This Samurai history, filled with dozens of woodblock prints and photographs, is an authoritative text on Japan's most fearsome warriors.
Through fascinating stories and full-color historical images that show the samurai in mesmerizing detail, military historian Stephen Turnbull provides an invaluable guide to an enduring legacy.
The earliest samurai warriors were actually aristocratic mounted archers, not swordsmen. Only as the archer gave way to the mounted spearman did swordsmanship come into play. Turnbull details how the history and the legacy of the samurai developed over centuries into a multifaceted, richly elaborate tapestry of martial and societal traditions.
From the first recorded use of the word samurai in the eighth century to the final wars waged in resistance to the Meiji government in the late nineteenth century, this Japanese history book recounts the complex history of these warriors and demonstrates why the samurai continue to fascinate the world today.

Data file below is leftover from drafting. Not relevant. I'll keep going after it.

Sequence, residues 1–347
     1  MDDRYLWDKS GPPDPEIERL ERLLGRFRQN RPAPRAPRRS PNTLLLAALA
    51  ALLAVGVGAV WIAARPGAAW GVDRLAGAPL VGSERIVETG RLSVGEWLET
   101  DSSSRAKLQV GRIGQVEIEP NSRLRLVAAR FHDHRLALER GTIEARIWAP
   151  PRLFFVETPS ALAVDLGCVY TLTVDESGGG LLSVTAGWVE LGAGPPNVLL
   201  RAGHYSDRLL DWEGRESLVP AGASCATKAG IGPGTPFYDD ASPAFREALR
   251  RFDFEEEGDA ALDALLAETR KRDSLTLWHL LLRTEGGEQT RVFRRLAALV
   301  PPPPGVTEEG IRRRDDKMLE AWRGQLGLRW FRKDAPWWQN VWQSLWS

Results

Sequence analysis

Stephen Turnbull is the author of more than fifty books on the military history of Europe and the Far East and works as a consultant on all aspects of Japanese culture, most recently as the military advisor for the movie47 Ronin, starring Keanu Reeves. He is currently Lecturer in Japanese Religion at the Department of East Asian Studies at Leeds University.
"The Samurai Swordsman: Master of War is an examination of the true Samurai, who dominated Japan during its feudal era, much like Knights once dominated Europe. Going deep into the nature of Samurai as complex individuals and not just swords with legs, it looks at everything—the Samurai statesman, the Samurai artist, and more. Enhanced with full color paintings throughout,The Samurai Swordsman is highly recommended for community library history and art collections and for anyone who has always had a fascination with this warrior caste." —Midwest Book Review
"The Samurai Swordsman is a coffee table book with an abundance of full color photos, prints, paintings, and portraits (some taking up two pages). Like most of Turnbull's books, its a visual treat. It's organized by chapter into several interesting themes and the incidents Turnbull lays out make for entertaining reading." —TheShogunsHouse.com, the official blog of the Samurai Archives Japanese History Page